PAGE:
WASHINGTON -- In the coming years, unprecedented billions will be spent on restoration in the Gulf of Mexico, a vital American ecosystem damaged by the most catastrophic oil spill in U.S. history.
Gulf states, especially Louisiana, will see billions of dollars devoted to restoring habitat and coastline hurt not just by the 2010 BP oil spill, but also by decades of oil and gas exploration, U.S. agricultural practices and the management of the Mississippi and the rivers that drain into it on its way to the Gulf of Mexico.
There’s $5 billion for restoration and research so far, with at least $5 billion more – and the possibility of $20 billion – from money BP might have to pay in civil fines, depending on the outcome of a trial set for early next year. It’s a vast amount of money so large – and with so much potential – that one environmentalist called it "funny money."
With that money – funny or not – comes much hope. But those who live and work in the Gulf of Mexico also are wary, as are the environmental groups keeping watch on the post-oil spill environment.
"The trick is now, with all of these processes directed toward ecosystem restoration in some form or another . . . is how are we going to make all of these things talk to each other and inform each other and learn from each other’s mistakes and utilize the same science?” asked Bethany Kraft, director of the Gulf Restoration Program of the Ocean Conservancy, a nonprofit conservation organization. “That’s something we’ve got to commit to and figure out.”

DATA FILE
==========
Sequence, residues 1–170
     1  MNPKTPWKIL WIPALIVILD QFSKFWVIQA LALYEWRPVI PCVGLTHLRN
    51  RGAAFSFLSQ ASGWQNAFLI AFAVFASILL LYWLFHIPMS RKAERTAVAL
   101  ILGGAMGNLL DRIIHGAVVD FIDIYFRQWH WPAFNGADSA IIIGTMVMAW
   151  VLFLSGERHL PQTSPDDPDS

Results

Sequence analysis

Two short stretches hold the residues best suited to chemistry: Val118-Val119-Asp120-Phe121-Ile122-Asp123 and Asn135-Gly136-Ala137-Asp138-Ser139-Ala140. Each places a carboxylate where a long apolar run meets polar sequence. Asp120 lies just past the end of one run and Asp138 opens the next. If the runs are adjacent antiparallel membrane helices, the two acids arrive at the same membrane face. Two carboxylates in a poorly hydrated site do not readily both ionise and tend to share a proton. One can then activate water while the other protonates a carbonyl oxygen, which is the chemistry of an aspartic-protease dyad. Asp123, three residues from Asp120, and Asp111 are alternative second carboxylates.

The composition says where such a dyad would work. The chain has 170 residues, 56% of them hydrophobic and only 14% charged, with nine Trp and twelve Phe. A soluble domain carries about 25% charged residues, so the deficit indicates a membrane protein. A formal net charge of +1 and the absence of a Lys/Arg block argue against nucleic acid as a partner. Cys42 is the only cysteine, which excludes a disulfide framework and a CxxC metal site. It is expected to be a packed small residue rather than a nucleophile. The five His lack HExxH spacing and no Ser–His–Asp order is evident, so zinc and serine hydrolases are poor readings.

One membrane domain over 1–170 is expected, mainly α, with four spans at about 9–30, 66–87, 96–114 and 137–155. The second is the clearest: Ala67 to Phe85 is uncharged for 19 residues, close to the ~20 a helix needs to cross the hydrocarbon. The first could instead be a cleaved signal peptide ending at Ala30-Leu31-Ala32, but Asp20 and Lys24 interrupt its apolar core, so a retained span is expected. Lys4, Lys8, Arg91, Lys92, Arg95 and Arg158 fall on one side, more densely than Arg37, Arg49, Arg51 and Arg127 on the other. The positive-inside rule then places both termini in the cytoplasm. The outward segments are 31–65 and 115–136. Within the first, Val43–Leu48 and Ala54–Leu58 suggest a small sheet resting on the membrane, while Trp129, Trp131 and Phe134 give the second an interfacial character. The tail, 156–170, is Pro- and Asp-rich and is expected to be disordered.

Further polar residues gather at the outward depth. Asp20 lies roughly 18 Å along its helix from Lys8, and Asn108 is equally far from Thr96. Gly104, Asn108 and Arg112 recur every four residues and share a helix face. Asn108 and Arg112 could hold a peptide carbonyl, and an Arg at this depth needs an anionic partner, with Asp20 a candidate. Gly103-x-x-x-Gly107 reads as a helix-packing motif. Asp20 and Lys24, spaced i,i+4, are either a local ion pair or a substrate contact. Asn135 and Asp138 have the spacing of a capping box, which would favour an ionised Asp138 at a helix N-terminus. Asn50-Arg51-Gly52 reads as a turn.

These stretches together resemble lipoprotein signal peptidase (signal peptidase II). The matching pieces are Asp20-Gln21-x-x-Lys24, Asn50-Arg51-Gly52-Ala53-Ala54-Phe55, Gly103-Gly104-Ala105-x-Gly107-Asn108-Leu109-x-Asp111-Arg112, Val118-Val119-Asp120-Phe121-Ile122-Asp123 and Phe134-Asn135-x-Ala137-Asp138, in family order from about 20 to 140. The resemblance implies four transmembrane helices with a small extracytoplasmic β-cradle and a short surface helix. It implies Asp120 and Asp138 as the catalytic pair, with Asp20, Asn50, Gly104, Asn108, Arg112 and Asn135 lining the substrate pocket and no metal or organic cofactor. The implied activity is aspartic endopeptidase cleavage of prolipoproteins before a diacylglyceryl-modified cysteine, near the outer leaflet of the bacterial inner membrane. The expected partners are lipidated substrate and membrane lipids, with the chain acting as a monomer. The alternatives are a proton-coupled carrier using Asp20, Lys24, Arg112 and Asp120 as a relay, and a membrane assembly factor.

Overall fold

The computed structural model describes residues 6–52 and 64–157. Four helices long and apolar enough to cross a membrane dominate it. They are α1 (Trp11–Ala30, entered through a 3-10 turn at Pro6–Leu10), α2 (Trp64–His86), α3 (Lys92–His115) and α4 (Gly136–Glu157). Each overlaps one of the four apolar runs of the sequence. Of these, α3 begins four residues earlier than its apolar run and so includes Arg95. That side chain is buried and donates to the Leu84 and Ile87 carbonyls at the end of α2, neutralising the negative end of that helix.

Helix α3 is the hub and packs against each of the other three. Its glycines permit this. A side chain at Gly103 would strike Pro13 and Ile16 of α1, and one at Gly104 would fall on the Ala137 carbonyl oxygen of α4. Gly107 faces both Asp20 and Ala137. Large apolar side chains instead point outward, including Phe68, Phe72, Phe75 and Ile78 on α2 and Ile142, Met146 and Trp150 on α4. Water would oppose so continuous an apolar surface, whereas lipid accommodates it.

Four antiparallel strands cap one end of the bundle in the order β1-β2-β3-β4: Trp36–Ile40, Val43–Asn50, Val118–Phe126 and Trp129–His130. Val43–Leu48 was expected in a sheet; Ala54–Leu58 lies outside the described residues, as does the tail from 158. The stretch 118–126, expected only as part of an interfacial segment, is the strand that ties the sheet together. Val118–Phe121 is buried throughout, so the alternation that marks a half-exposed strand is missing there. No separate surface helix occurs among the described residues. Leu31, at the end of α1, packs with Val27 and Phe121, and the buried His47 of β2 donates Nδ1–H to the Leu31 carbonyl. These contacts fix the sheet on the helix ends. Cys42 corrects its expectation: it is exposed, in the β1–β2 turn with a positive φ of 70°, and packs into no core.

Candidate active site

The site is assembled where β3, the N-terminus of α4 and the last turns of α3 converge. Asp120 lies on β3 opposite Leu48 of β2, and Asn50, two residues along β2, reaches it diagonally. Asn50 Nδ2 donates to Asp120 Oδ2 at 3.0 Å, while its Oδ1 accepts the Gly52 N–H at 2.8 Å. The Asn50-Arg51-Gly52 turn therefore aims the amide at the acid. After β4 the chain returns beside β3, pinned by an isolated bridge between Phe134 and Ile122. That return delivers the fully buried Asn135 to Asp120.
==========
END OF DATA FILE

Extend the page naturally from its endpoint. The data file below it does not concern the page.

Some projects already are underway as part of the damage assessment process BP faces for the impact of the spill on the environment. BP has pledged $1 billion for those projects, which require a careful accounting of exactly how much damage the spill did so that BP makes up for it.
So far, they’re on the smaller scale: projects such as replacing artificial lights on Alabama and Florida beaches so it’s easier for sea turtles to nest, and rebuilding oyster beds in Mississippi and Louisiana.
But millions of that billion-dollar fund will go toward creating barrier islands along the Louisiana, Mississippi and Alabama coasts, and buying conservation lands. Those larger-scale projects are expected give the region more resiliency in future natural or manmade disasters – but they’re all related to the damages caused by the spill.
Many groups interested in the restoration process were keeping a close eye Tuesday on the first meeting of the Gulf Coast Ecosystem Restoration Council, which was established under the federal RESTORE Act this year. The law outlines how civil fines assessed on BP will be spent and directs the council to develop and oversee a comprehensive plan to help restore the ecosystem and economy of the Gulf Coast region.
It’s not the only council, though.
A separate board of trustees is overseeing the $1 billion to be devoted to projects deemed worthy under the Natural Resources Damage Assessment process, overseen by the government. It determines what specific damage BP did and what the company must do to remedy it.
And $2.4 billion of the $4 billion assessed in criminal fines will be overseen by the non-profit National Fish and Wildlife Foundation, in a plea agreement brokered by the Justice Department with BP. Half of that money is to be spent in Louisiana.